I can think more about just how infinitesimally small the earth is in the grander scheme of things. It recontextualizes everything that we’re doing here. And I think especially as, you know, the only thing that I really am studying is the saxophone, which is an extremely small piece of an extremely small planet. This class is changing my perspective as far as how much more there is than just the saxophone, [which is] definitely exciting, but I’m still not where I want to be with the saxophone. So I figure, get that where I want it to be first, and then worry about the universe.
Why does this matter for practice?
To conclude, I would like to highlight three main takeaways that I think are relevant for educators and communicators of science:
1) Additional opportunities for reflection are useful for learning and assessment as well as research.
The kinds of data I collected in this study gave me insights into students’ thinking that in some cases went beyond the information the instructors could access. For instance, the data enabled me to identify moments where awe and other strong emotions were elicited, and to investigate how students reacted to and made sense of that emotionally evocative instruction. Information of this nature would be useful to educators who are attempting to design instruction to evoke awe. Teachers may wish to consider using journals, one-on-one student conversations, or other means of collecting this sort of information from their own students in order to guide their own practice. To the extent that it’s possible, creators and facilitators of informal learning experiences and other opportunities for public engagement with science might also seek to gauge emotional responses from learners and use this to inform future iterations of the design.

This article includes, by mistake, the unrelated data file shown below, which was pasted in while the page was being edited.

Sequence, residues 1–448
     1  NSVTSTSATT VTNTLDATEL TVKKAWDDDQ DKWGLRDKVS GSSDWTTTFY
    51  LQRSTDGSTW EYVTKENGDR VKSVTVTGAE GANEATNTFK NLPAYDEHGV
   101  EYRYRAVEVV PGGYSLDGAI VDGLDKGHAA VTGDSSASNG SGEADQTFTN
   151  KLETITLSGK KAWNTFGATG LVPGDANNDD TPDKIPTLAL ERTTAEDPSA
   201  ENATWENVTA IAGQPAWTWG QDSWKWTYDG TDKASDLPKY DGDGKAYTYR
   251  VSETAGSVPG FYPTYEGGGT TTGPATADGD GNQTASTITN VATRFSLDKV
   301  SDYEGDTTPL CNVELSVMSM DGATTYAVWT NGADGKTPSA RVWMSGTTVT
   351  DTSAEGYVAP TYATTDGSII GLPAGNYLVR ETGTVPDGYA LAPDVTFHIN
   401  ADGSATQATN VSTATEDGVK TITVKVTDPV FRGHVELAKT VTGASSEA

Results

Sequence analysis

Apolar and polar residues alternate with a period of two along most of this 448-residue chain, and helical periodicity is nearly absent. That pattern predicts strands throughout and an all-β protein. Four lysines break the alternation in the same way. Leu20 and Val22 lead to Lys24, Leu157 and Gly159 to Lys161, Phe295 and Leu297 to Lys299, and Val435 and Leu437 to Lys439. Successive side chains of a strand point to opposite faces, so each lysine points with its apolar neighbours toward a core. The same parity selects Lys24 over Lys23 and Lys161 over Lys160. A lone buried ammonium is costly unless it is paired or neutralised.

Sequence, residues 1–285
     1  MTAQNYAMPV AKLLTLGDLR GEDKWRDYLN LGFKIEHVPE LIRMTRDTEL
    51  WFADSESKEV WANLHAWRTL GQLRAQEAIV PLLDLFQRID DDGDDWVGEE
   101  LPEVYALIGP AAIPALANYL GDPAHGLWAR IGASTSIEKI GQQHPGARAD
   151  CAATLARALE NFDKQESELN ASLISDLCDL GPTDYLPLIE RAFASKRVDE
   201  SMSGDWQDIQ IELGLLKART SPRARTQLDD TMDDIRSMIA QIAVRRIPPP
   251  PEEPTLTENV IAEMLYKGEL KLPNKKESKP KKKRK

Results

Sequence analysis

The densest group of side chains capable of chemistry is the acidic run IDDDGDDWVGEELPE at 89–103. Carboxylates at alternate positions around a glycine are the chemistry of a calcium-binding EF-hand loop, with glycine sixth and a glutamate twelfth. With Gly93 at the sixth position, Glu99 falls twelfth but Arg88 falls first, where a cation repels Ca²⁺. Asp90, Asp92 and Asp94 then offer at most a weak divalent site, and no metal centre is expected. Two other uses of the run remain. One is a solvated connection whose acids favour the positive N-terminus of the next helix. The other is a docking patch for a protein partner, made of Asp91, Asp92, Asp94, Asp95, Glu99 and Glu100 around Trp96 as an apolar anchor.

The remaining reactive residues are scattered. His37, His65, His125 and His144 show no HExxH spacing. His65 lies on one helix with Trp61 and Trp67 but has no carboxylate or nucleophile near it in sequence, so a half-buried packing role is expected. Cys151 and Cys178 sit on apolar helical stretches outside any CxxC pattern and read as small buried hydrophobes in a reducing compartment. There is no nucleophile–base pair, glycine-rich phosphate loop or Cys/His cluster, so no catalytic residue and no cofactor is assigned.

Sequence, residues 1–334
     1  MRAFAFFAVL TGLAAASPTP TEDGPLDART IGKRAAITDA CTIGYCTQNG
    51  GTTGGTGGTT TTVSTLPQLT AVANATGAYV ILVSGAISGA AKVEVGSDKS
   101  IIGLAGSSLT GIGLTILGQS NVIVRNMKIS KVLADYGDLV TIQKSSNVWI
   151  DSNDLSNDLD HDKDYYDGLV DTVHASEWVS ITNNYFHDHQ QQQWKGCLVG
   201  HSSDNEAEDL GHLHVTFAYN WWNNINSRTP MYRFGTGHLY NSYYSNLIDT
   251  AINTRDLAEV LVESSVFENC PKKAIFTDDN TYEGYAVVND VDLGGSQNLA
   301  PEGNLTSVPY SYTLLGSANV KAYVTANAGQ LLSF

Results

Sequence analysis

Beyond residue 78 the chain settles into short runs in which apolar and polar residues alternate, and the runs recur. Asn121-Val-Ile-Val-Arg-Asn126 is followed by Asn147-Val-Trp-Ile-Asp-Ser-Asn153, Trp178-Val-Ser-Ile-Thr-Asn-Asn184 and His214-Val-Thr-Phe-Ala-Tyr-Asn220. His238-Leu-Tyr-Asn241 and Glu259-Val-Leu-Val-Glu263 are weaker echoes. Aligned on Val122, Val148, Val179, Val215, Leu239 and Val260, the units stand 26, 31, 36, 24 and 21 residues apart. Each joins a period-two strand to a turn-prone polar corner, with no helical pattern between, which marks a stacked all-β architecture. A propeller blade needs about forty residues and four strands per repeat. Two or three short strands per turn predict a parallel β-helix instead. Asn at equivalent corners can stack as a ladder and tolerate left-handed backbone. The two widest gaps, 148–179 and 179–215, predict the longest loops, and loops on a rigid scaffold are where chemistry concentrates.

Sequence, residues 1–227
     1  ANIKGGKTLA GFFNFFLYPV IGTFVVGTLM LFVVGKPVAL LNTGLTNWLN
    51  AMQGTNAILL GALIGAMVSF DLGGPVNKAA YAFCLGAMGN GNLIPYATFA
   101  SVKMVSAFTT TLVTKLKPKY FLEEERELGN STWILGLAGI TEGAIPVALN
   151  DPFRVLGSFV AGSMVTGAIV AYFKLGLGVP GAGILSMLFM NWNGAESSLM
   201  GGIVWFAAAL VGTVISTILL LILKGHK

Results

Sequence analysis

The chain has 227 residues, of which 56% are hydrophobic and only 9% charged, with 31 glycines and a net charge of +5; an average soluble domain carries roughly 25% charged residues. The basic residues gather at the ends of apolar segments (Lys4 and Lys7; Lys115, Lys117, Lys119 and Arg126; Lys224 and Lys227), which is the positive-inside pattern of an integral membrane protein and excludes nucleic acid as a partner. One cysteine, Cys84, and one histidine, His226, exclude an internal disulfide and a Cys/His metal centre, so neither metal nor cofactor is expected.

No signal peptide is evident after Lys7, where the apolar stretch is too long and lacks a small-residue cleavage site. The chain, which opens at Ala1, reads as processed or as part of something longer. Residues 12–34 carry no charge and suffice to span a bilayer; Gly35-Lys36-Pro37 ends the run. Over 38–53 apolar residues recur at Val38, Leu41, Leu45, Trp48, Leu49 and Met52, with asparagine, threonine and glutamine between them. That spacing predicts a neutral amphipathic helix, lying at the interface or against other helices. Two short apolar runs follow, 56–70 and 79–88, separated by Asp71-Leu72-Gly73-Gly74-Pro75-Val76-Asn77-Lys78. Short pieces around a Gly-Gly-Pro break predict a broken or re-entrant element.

2) Learners would benefit from further guidance to identify opportunities to apply their understanding to new contexts.